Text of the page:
The Clinton Bush Haiti Fund’s $535,876 grant to the HAND/EYE Fund will connect artists throughout Haiti to US and global markets, further invigorating the Haitian artisan sector. HAND/EYE will create the Artisan Business Network to provide artisan groups with product development and communication tools to effectively and efficiently design and export their work.

In July, Martha Stewart and fashion designer Rachel Roy joined Macy’s CEO Terry Lundgren in a business visit to several artisan communities. HAND/EYE is now working with Macy’s on the retailer’s order for the fall, and the Artisan Business Network will employ more artisans as business with Haiti expands. The newly formed Network will also help generate and facilitate new orders with other retailers, such as Anthropologie.

“Our relationships in Haiti demonstrate how retail can change the world,” explains Lundgren. “With a little planning and a little effort, we can open up opportunities for people largely excluded from global commerce. The resulting income has a profound impact for artisan families and a ripple effect in their communities.”

FINCA Haiti:

The Clinton Bush Haiti Fund also announces a project with microfinance institution FINCA International (the Foundation for International Community Assistance). This $358,000 grant will help bolster the lending ability of its affiliate, FINCA Haiti. FINCA Haiti’s loans, which average just $300, provide access to credit for Haitians who are too poor to borrow from other lenders.

FINCA specializes in village banking, which brings small groups of community members together as a financial support group. These village banks are predominantly made up of women, and give individuals newfound borrowing ability. “For more than two decades, FINCA has stood by the impoverished women of Haiti, helping them start, or expand, small businesses, and provide a better life for their families,” says FINCA president and CEO Rupert Scofield. “This grant from the Clinton Bush Haiti Fund will strengthen FINCA Haiti’s loan portfolio, help us greatly expand our outreach, and help secure the program’s long-term sustainability.”

Inveneo:

The Clinton Bush Haiti Fund made a second grant of $259,000 to Inveneo, a communications technology NGO that is building computer labs in 40 rural Haitian schools. The Haiti Connected Schools program will use solar panels to power computer labs and bring rural broadband connectivity to schools in areas without reliable access to electricity. Working with local installers and sourcing equipment domestically, the Connected Schools program will cultivate business and employment opportunities for Haitian solar providers and IT technicians. This project complements the Clinton Bush Haiti Fund’s first project with Inveneo to train IT professionals and bring high speed data connections to rural regions in Haiti.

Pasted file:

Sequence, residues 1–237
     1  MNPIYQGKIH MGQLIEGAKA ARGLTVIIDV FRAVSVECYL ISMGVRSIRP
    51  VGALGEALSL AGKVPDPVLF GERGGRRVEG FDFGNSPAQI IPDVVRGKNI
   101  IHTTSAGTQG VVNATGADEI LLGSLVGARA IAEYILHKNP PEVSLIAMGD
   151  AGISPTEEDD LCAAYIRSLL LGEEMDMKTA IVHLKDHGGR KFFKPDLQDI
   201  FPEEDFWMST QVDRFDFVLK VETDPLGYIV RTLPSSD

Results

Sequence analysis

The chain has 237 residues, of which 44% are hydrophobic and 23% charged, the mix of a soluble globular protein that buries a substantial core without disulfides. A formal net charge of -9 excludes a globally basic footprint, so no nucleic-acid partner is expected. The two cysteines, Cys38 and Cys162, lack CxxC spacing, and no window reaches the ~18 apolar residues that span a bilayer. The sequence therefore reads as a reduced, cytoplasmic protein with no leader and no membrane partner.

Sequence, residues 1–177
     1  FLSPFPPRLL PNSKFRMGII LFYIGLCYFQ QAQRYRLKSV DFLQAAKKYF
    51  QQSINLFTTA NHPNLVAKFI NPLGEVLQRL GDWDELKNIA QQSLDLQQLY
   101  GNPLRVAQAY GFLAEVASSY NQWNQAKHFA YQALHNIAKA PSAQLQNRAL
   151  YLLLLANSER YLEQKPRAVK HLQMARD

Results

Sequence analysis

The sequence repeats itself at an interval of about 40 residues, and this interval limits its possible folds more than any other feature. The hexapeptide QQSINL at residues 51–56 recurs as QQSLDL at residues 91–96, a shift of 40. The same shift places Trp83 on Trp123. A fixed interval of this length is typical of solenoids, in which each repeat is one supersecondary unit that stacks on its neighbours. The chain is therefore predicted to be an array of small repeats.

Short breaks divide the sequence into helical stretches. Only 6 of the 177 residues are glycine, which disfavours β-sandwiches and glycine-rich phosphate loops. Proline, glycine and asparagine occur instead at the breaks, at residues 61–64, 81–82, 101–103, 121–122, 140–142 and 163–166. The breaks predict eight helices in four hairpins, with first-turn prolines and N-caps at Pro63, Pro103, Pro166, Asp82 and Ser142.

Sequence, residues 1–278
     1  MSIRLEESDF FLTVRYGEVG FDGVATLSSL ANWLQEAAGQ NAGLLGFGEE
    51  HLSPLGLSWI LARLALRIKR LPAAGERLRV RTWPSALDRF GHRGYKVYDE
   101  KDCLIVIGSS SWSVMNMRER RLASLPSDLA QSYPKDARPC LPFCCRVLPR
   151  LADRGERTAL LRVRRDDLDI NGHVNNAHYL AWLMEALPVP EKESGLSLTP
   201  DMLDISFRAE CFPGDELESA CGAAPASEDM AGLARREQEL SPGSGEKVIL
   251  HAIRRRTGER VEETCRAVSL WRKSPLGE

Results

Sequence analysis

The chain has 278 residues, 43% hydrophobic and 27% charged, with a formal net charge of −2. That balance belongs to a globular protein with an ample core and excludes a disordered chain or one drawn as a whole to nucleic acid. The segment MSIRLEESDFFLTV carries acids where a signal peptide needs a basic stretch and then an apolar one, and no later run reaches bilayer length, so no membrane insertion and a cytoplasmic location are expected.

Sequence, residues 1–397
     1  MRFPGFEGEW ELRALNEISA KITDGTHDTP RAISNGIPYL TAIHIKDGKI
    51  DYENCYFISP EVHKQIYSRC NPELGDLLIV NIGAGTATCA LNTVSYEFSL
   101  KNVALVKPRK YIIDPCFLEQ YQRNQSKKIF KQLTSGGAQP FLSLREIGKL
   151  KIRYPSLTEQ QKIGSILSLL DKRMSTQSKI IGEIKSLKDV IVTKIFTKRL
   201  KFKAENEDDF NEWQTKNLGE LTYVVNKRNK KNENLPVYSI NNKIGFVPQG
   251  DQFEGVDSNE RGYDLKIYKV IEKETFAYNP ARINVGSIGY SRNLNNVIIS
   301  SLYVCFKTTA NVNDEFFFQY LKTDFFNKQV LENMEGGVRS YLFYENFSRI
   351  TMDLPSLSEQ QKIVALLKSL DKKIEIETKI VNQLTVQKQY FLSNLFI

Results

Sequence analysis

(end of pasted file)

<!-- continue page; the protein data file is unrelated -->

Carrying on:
These three new grants from the Clinton Bush Haiti Fund will help provide Haitians with fresh and innovative resources to nurture economic growth. “When Haitian men and women have access to the networks and funding to build their enterprises and communities, they are able to more fully participate in the national and international economy,” Clinton Bush Haiti Fund board member and former Secretary of Labor, Alexis Herman says. “There is immense business potential in Haiti, and these grants will help tap into that potential.”

About HAND/EYE

The HAND/EYE Fund is a 501(c)(3) created in 2010 to connect artisan groups to US markets. It supports skilled artisans through grants to artisan cooperatives around the world. Its leaders are respected for their commitment to artisans and strong, personal relationships across US markets.

About FINCA International and FINCA Haiti

FINCA International is a 501(c)(3) that began in 1985, and whose mission is to provide financial services to the world’s lowest-income entrepreneurs so they can create jobs, build assets, and improve their standard of living. Active in 21 countries across the globe, and currently serving more than 850,000 borrowers (70% of whom are women), FINCA specializes in a form of lending called village banking, which provides microcredit through neighborhood cooperatives. FINCA Haiti, an affiliate of FINCA International, was established in 1989. It serves the working poor in Haiti, primarily those who operate in the commerce, service, and agricultural sectors.

About Inveneo

Inveneo is a 501(c)(3) social enterprise whose mission is to connect and empower rural and underserved communities in the developing world with information and communications technologies. Since 2006, Inveneo and its partners have delivered innovative solutions to more than 1,500,000 people in over 500 communities in 25 countries in Sub-Saharan Africa and South Asia, nurturing and supporting local talent. Their Haiti program is an accelerated version of this model, as demand for the broadband service to-date has outpaced the supply of Haitian IT experts.

Tuesday, October 2, 2012

Interview with Clinton Bush Haiti Fund CEO Gary Edson - October 2011